By Taylor McCoy
Tyrannosaurus rex. While the owner of that name may be long gone, it’s so powerful that it can invoke fear and respect even today. And it’s been doing so since 1905.
The story of T. rex as we know it began with a skeleton known as the holotype. In biology, a holotype is a particular specimen of an organism with which the scientific name of that organism is formally attached. Essentially, a holotype is an example that serves to anchor the defining features of that particular species. The holotype, or original T. rex, is known as CM 9380.
The bones of CM 9380 were first found in 1902 by world renowned paleontologist Barnum Brown. It would be another three years before the partial skeleton was fully unearthed.
At the time, the skeleton was held at the American Museum of Natural History of New York City. It was first known as AMNH 973. While being held at the American Museum of Natural History, curator and paleontologist Henry Fairfield Osborn named the beast Tyrannosaurus rex and wrote a description paper on it.
There were hopes of a dynamic display showcasing AMNH 973 fighting with another famous specimen, AMNH 5027. However, technical difficulties kept this from taking place.
Following the entry of the United States into World War II in 1941, the specimen of AMNH 973 was sold to the Carnegie Museum of Natural History in Pittsburgh. Here it was prepared further and put on display as CM 9380.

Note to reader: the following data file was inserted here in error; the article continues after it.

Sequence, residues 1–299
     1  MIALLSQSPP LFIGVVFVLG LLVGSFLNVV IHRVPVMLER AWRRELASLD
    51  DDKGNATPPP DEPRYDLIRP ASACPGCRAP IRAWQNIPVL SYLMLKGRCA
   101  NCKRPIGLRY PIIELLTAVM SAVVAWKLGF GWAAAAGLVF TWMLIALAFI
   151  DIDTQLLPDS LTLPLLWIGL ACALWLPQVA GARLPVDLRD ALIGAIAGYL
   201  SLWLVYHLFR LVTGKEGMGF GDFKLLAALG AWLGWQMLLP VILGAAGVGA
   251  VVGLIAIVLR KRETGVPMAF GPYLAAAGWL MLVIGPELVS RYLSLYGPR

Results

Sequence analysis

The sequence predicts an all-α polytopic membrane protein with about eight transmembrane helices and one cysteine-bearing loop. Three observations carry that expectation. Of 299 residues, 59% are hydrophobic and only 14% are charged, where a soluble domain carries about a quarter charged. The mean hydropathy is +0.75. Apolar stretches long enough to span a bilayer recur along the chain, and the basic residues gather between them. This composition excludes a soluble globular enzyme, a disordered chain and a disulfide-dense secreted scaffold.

The skeleton still resides at the Carnegie to this day, displayed fighting another Tyrannosaurus over the carcass of a hadrosaur. Estimates place CM 9380 at roughly 11.9 meters long, or 39 feet. It’s weight has been estimated anywhere between 7.4–14.6 tons, with an average weight of around 9.1 tons. This makes CM 9380 one of the heaviest and most robust specimens of T. rex known.
The skeleton itself is far from complete, with the legs and hips being one of the better preserved aspects. The skeleton was originally displayed in a tripedal posture with the tail dragging behind it.
CM 9380 has since been updated to a more accurate pose with its body parallel to the ground.
While it may not be the most complete or the largest Tyrannosaurus ever found, CM 9380 is significant for what it represents. As the holotype, CM 9380 essentially sets the standard for T. rex. It introduced the world to the tyrant lizard king.
- Norell, M. A.; Gaffney, E. S.; Dingus, L. (1995). Discovering Dinosaurs in the American Museum of Natural History. New York: Knopf.
- Brown, B. (1915). “Tyrannosaurus, a Cretaceous carnivorous dinosaur, the largest flesh-eater that ever lived”. Scientific American.
- Makovicky, Peter J.; Allen, Vivian; Molnar, Julia; Bates, Karl T.; Hutchinson, John R. (12 October 2011). “A Computational Analysis of Limb and Body Dimensions in Tyrannosaurus rex with Implications for Locomotion, Ontogeny, and Growth”. PLOS One.
- Osborn, H.F. (1913). “Tyrannosaurus: restoration and model of the skeleton”. Bulletin of the American Museum of Natural History.
Learn even more about the original T. rex in episode 200 of our podcast, “T. rex revisited.”
About the Author
Taylor McCoy is a paleontology enthusiast and volunteer at the Carnegie Museum of Natural History. He does fossil preperation at the Paleolab in the museum and field experience working in the Hell Creek Formation of Montana, where he worked alongside his wife. Taylor has written a few articles for I Know Dino and appeared in episode 316. You can follow him on Twitter @TM9380.